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Cingular bets short messaging will grow

The wireless carrier is expanding its network to handle more e-mail sent between cell phone users. Though Americans are slowly catching on to the trend, problems remain.

Cingular Wireless is making a long investment in short messaging.

The U.S. wireless carrier is expanding its network to handle more e-mail sent between cell phones, technology known as SMS (Short Messaging Service), Cingular spokesman John Kampfe said Monday.

The long, expensive buildup makes Cingular increasingly reliant on short messaging, which is little-known in the United States and has been gaining prominence in the country.

An estimated 30 billion of these messages are sent every month in Europe. But in the United States, SMS use is lagging. Surveys conducted last year, for instance, showed that a majority of U.S. cell phone owners did not even know they could send each other e-mail.

But according to Cingular and to new figures from research firm IDC expected next week, Americans are catching on to the communication. Though the carriers say benefits include being able to receive a text message free of charge, consumers grumble about the awkwardness of typing a word using a cell phone keypad.

Kampfe said Cingular has experienced a 450 percent increase in messaging traffic on its network since June. Though he declined to be more specific about traffic and about the financial terms of the expansion, he did say there are "tens of millions of messages" sent each month.

The growth was enough for Cingular to employ message-center maker Logica Mobile Networks to expand the carrier's network capacity, Kampfe said.

"Everybody talks about how SMS has taken off in Europe and is lagging well behind in the U.S.," Kampfe said. "This is really some hard evidence that SMS is really starting to take off in the U.S. as well."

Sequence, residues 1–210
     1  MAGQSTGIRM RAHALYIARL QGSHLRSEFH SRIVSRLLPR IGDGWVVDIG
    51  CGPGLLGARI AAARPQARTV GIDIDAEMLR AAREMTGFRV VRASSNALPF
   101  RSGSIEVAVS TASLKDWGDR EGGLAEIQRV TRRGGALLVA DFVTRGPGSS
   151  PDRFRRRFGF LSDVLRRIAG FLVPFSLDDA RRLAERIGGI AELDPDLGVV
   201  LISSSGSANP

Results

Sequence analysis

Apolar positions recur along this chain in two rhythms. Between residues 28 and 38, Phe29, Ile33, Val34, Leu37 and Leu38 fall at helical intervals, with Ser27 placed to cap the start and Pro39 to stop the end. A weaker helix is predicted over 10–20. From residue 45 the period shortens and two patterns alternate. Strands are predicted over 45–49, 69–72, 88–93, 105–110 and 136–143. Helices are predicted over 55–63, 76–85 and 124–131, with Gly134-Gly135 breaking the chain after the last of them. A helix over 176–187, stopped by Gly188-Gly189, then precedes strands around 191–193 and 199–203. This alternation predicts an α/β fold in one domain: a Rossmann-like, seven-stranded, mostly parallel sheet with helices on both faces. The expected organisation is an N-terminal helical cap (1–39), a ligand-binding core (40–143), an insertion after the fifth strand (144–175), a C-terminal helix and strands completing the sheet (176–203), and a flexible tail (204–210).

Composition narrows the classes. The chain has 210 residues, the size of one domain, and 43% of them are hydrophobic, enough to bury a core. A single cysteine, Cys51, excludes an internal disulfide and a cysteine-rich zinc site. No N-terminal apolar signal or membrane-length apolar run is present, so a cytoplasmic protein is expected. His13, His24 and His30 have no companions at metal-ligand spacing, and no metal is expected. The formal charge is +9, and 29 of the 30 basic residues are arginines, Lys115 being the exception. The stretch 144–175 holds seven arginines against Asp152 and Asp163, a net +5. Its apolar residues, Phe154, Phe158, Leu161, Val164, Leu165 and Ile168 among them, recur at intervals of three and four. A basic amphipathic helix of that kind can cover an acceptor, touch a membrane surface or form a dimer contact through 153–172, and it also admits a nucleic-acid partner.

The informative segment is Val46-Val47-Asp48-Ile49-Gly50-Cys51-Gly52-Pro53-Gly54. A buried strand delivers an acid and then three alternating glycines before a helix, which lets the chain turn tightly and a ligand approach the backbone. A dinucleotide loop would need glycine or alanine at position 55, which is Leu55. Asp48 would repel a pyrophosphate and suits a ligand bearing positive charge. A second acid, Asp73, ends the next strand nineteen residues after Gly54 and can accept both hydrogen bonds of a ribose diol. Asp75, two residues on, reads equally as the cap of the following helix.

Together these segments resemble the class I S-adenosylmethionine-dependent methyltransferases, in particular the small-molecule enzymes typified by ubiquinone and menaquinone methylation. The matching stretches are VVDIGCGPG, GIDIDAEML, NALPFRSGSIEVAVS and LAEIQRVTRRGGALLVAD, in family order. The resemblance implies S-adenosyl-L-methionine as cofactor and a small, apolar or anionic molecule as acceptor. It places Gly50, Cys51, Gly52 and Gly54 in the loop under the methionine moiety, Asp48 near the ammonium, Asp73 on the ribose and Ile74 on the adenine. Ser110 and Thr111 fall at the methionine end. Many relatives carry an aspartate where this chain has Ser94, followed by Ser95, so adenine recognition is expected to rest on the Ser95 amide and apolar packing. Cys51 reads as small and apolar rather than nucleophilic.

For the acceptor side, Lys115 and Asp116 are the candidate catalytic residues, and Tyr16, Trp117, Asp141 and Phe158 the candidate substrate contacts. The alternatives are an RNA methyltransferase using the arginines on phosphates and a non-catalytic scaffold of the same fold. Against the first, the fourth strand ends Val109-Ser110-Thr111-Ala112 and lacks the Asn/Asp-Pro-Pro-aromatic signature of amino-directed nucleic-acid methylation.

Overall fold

IDC expects that this year will see a quadrupling of the number of U.S. wireless subscribers sending short messages. There are now 2 million SMS users in the United States. That figure will increase to 8 million by the end of the year.

"Ultimately, what you're talking about is a culture shift," said Keith Waryas, an IDC analyst. "The U.S. is the largest e-mail user in the world, but you have to get people accustomed to using their phones to do it."

But several problems remain, including how to enter text. It can take three separate keystrokes to produce a single letter. Some phones try to guess the balance of a word being tapped out, and other devices, like Web-enabled Palms, have snap-on keyboards.

Another problem has to do with interoperability. In the United States, cell phone users can only send each other messages if they share the same carrier. But in Europe, where most carriers use the same type of cell phone technology, nearly every cell phone user can send messages to someone else regardless of the carrier.

Several companies are working on the problem, however. Upstart SMS.ac, for example, says it thinks it has come up with a way around the issue.

CEO Michael Pousti says the company has developed hardware and software that carriers can put on their networks to let members of two different carriers send messages to each other.

"The wireless space is in a critical stage right now," he said. "Let's hope the industry rises to this wake-up call."